What makes the Olympics so captivating? Sure, the superhuman speeds the athletes fly down mountains and the grace with which figure skaters land triple axels keep us glued to our televisions every few years. But the thread that holds together the Olympic flag is teamwork. Representatives from nearly every country on Earth come together for sixteen days of friendly competition. And whether they’re competing individually against the clock or on a team battling another country for the gold, every single athlete has a dedicated group of people beside them: coaches, athletic trainers, doctors, nutritionists, family, and friends, supporting their quest to become the best they can be.

 

At the Autism Insurance Resource Center (AIRC), part of the University of Massachusetts Medical School’s Eunice Kennedy Shriver Center, we know firsthand how much of a team sport raising a child or empowering an adult with autism can be. Every individual has a team rooting for and working alongside them: doctors, therapists, teachers, and psychologists, and most importantly, their family support system. Each member contributes their skills and expertise to benefit the team. At the AIRC, we support these teams, making sure clinicians and providers have information, parents find the right treatments for their children, and that they have the insurance coverage(s) to pay for it. 

 

Our gold medal victory— truly a team triumph— came in 2010 with the passage of ARICA (an Act Relative to Insurance Coverage for Autism), which required private health insurers in Massachusetts to cover diagnosis and treatment of Autism Spectrum Disorder. But before we even stepped off the podium, we recognized our Olympic marathon was just beginning. So we established the AIRC to help families tap into the benefits that ARICA afforded them and subsequently expanded our reach to help thousands of families with  MassHealth insurance coverage access the same benefits.

 

Navigating health insurance is a challenging maze for everyone. Add in all the specific, nuanced medical challenges and complexities of autism— therapies, diets, medications, comorbid conditions— and that maze quickly becomes a series of seemingly insurmountable brick walls. We help people find doors in those walls or ways around the walls. Sometimes we help people jump over the walls, and, in the toughest cases, we help them break the walls down.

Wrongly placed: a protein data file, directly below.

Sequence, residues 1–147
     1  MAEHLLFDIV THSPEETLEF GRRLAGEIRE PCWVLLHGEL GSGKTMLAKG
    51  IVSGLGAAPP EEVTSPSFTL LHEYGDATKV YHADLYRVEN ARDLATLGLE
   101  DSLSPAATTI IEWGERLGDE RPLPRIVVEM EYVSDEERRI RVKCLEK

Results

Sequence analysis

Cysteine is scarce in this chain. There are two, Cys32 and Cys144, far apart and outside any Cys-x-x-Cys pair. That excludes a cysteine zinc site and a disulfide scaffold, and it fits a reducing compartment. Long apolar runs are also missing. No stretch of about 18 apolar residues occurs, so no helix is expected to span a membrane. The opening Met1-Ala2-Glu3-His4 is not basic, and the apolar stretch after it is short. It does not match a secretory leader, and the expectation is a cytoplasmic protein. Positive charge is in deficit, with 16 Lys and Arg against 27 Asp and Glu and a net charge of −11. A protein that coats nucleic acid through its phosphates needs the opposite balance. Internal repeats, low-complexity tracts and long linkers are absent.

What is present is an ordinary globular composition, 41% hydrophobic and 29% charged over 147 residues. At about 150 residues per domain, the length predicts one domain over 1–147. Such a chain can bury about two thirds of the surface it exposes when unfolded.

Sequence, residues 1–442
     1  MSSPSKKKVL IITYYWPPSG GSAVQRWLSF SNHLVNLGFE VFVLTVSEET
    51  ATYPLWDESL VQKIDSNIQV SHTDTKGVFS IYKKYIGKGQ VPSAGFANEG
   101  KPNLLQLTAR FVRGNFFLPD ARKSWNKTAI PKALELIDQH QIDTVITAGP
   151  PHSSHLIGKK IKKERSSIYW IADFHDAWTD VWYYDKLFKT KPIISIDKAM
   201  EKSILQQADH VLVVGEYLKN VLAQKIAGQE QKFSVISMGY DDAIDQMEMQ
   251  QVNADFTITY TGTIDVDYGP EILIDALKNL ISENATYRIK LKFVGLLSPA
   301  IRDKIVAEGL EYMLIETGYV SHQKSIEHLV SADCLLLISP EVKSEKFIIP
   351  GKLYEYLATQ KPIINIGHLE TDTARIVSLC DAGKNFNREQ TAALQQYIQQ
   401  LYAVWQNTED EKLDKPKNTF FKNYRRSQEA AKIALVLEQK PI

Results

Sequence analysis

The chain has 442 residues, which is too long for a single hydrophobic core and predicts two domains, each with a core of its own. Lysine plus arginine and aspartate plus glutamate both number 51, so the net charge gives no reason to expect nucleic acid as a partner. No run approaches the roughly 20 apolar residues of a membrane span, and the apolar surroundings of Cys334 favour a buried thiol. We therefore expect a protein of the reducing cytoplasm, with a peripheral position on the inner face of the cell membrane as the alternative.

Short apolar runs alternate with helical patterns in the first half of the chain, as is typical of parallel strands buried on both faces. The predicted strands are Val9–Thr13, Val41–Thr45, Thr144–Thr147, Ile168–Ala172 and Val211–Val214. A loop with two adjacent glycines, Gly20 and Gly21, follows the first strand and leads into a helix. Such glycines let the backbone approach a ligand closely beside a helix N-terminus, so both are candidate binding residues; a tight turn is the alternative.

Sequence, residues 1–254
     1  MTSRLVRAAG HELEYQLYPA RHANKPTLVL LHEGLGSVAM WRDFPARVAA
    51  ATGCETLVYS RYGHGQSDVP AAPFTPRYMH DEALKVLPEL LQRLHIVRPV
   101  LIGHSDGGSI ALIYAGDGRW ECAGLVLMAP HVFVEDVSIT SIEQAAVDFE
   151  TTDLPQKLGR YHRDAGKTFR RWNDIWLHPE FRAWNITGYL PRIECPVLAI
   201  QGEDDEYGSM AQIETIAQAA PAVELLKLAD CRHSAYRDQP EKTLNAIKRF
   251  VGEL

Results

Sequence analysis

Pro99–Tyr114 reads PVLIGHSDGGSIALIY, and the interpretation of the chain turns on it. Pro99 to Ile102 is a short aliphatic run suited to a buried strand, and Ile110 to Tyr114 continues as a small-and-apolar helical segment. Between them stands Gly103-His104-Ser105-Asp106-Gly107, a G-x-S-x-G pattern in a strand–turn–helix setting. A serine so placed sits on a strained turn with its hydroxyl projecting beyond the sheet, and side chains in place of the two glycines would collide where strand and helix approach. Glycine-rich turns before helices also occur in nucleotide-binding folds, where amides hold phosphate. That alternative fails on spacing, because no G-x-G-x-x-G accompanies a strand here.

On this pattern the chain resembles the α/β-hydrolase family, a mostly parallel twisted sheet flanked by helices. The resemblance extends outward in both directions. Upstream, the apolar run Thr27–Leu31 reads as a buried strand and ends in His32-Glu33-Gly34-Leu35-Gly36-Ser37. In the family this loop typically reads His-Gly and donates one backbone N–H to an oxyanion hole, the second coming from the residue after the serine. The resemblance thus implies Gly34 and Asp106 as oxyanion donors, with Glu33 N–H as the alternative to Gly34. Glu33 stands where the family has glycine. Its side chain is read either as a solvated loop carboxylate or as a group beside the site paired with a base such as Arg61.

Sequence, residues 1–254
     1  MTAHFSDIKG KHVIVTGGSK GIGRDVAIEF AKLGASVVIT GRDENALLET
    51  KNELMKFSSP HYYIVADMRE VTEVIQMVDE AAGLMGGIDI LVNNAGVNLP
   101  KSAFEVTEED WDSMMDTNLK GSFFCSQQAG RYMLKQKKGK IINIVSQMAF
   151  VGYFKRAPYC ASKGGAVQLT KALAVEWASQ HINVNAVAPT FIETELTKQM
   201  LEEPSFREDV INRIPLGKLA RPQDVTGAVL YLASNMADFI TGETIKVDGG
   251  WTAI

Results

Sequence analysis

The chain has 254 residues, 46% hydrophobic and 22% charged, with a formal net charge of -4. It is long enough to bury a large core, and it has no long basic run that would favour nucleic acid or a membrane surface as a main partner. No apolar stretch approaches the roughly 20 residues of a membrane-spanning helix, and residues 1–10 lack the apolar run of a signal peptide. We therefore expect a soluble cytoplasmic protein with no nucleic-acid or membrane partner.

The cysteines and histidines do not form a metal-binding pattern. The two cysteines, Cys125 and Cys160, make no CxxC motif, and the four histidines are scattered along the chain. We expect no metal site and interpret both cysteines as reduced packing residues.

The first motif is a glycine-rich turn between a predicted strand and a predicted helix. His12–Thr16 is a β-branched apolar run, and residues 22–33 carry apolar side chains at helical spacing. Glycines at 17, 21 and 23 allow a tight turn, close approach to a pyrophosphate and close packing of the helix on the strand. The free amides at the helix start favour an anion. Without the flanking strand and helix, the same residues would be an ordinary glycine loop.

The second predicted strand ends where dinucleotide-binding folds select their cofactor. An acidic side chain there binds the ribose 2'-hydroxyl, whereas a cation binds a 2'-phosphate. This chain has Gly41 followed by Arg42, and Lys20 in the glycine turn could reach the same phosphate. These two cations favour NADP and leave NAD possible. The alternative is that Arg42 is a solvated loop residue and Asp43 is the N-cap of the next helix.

One family perfectly captured how our gold medal is shared by an innumerable number of teammates: “The treatment now available under this legislation is an integral reason my son continues to have the opportunity to live at home, stay in his community and remain in his school. Period. Other than maybe donating a life saving organ to somebody, I don't know how much more 'real' or meaningful it gets when it comes to the wellbeing of a child and family in chronic crisis.”

 

We are so proud to be the recipient of a three year grant from the Flutie Foundation, because we know the critical role insurance plays in fulfilling all three of the Foundation’s goals for individuals and families: gaining access to services, leading more active lifestyles, and growing toward adult independence. It’s an honor and privilege to do this work here in Massachusetts, and we are looking forward to extending this to help other states across the nation achieve the same rights for all families living with autism.

 

Amy Weinstock

Director, Autism Insurance Resource Center